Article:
STORY BY ADAM ROGAN
Most athletic teams try playing exhibition matches against teams that will simulate the type of competition they will face later on in the regular season, but the Drake Men’s Basketball team had a different approach this past summer.
With over two months left until the start of the season, the team traveled to Denmark and Italy for three games against professional international opponents over the span of 12 days. In addition to helping the Bulldogs gain valuable playing time, the tour also gave the team an opportunity to see a part of the world that few of them had experienced before.
“It’s always good to just get away from the university,” said junior center Jacob Enevold Jensen. “There’s a little bubble here and everyone’s kind of their own, but to get outside of the university you get to know people a bit better and get to hang out with them in a different setting than we usually do.”
Not only did Jensen appreciate the change of setting, but he was also able to return home. Jensen was born and raised in Denmark, although he hasn’t been home in several years.
“It was pretty cool, getting to show my team where I live,” Jensen said. “We even went to my host family’s home so they could see where I’ve grown up a little bit.”
Seeing their teammate’s roots added to the bonding that accompanied the trip, giving the players an added perspective to Drake’s 7-foot center and the country they were visiting.
“I think it was great to see Jacob’s family and see how happy he was to see them,” sophomore guard Reed Timmer said. “It was nice to see him being able to reconnect with how he grew up and for us to see that.”
Not only did the team enjoy seeing their fellow Bulldog’s homecoming, but Jensen had the opportunity to watch his teammates be surprised by where he grew up.
“It was just funny seeing how they react to things,” Jensen said.
Jensen stated that the highlight of his trip was seeing the Coliseum in Rome, Italy, a sentiment reflected by several of his teammates.
“You couldn’t walk than 10-feet before walking into something that was 2,000 years old,” junior forward Kale Abrahamson mentioned.
The trip wasn’t purely focused on the aesthetic and cultural differences across the Atlantic. There was still basketball to play.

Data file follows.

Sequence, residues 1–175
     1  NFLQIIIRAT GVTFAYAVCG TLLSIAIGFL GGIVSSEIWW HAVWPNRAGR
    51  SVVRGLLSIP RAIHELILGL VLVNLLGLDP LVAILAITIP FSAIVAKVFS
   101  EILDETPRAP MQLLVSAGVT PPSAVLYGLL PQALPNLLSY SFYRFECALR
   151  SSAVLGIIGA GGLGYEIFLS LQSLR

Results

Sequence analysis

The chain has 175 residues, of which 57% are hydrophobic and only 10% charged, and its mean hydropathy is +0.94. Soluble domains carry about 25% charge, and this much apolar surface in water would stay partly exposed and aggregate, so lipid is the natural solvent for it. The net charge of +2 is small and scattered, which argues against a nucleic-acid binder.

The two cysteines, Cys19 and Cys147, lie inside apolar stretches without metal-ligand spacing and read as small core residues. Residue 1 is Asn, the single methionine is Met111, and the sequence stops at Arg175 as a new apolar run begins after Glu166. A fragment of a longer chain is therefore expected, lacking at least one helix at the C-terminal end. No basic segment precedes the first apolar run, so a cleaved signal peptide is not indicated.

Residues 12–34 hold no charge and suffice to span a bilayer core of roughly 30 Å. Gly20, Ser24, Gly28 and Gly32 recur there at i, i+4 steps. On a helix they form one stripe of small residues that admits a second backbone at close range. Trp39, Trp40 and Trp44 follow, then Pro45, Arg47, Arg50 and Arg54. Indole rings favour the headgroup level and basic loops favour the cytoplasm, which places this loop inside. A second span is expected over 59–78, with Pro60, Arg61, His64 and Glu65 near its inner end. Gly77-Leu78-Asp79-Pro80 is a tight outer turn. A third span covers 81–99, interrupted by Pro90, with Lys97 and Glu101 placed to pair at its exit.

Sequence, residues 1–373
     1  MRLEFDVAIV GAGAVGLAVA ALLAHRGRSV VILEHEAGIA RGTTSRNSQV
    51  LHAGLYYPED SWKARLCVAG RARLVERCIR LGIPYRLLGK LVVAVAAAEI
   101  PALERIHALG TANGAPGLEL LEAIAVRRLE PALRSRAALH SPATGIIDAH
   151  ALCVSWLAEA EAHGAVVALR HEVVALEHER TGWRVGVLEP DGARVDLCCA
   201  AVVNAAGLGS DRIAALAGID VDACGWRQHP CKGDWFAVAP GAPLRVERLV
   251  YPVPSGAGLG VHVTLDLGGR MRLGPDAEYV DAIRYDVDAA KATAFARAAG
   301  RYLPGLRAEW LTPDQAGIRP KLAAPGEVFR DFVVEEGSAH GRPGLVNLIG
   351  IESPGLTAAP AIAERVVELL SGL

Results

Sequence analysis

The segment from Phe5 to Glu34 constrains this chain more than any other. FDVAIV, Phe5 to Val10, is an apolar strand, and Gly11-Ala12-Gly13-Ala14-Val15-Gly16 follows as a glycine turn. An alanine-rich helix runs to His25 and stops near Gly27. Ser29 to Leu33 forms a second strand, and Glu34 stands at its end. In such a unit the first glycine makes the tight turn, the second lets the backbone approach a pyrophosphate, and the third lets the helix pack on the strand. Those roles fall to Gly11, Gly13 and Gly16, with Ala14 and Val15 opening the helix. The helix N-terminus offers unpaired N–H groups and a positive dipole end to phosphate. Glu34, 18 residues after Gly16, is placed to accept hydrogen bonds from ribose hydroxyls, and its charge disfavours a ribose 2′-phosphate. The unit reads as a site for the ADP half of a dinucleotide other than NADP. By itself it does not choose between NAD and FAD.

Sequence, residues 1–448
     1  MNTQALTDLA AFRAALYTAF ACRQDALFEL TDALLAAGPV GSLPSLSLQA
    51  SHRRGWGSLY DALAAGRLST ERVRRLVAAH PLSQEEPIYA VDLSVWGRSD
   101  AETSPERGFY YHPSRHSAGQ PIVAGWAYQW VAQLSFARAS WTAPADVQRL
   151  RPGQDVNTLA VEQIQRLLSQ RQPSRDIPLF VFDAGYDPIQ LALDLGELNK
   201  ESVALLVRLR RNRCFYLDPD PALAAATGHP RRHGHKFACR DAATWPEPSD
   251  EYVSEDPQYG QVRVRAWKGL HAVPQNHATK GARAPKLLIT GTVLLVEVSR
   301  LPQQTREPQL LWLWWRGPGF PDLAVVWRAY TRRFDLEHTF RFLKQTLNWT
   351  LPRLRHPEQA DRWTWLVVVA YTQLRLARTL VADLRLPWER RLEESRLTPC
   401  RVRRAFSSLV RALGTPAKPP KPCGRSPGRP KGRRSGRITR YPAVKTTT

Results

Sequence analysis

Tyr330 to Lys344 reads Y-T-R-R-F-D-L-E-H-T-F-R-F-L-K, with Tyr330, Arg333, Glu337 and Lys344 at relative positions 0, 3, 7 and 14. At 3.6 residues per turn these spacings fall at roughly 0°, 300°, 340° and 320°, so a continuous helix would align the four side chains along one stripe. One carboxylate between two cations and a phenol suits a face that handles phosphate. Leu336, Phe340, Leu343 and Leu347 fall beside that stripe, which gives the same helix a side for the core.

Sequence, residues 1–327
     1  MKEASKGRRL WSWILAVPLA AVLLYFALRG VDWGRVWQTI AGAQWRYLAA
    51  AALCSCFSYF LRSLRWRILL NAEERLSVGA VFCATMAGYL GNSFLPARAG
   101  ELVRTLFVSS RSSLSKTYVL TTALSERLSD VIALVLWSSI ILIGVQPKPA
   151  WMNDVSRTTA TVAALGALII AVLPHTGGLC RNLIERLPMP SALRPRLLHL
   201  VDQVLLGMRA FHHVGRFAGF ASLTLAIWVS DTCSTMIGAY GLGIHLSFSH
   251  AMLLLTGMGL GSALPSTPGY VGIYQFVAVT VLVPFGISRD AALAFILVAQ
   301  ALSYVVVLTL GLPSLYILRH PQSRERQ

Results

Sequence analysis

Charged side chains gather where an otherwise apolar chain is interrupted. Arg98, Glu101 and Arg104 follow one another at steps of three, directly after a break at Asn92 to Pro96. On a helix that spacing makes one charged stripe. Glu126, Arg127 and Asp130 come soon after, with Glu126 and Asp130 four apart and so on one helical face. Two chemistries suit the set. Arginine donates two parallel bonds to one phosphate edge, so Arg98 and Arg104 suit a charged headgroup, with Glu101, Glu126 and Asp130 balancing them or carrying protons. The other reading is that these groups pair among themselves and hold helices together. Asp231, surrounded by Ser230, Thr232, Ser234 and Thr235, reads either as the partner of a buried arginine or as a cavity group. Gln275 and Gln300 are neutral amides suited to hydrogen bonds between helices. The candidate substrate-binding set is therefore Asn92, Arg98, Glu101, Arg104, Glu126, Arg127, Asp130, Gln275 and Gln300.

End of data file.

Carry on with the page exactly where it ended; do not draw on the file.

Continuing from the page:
The Bulldogs played their first game overseas on August 15, facing off with Værløse, hailing from Horsholm, Denmark.
Regardless of their pro status, the Bulldogs were able to control the court and led throughout the game. Up by 10 after the first quarter, the Bulldogs went on to win the game 83-55 and start their international play with a record of 1-0.
Drake’s second match would prove to be even less of a challenge for the Bulldogs, thrashing AP Castelfranco, an Italian professional team.
The building they played in lacked air-conditioning, making for a game full of sweat and substitutions, but it didn’t seem to faze the Bulldogs as seven of them would score 10 points or more in the game.
Up by 36 at halftime, Drake only extended on their lead in the second half, and ended up walking away with a 114-51 victory.
The third and final matchup of the trip turned out to be much closer than the other two, as Drake took on BC Atletas on August 21 in Ponte Buggianese.
Atletas has been in the 1st division of Lithuanian basketball for much of their history, which explains their toughness and talent on the court.
BC Atletas got out to an early lead thanks to stellar shooting from behind the arc, but Drake was able to battle back behind Abrahamson’s 18 points, 12 of which came in the 3rd quarter.
“I think our guys kind of thrive with our style of basketball with being physical and getting the right shots,” Timmer said. “I think it definitely helped our chemistry and our teamwork to try and play together as much as we could and just to carry that over to practice here and eventually to games.”
Closing the gap to within two possessions in the game’s final two minutes, Drake was unable to complete the comeback, losing 84-79 and finishing their European tour at 2-1.
“The third game was a good challenge for us,” Jensen said. “It was maybe more of a wake-up call that we still need to be mentally tougher and we need to play some more and get better, but overall it was a good learning experience for us.”
Even though the basketball trip ended with a loss, it still provided a positive learning experience for the Bulldogs both on and off the court.
“We were together 24-7 for 12 days, (and) obviously you either have to bond or just hate each other, so I think we ended up bonding,” Abrahamson joked. “It was more of a bonding thing than a basketball thing, but the basketball was great as well. It was a great trip for us.”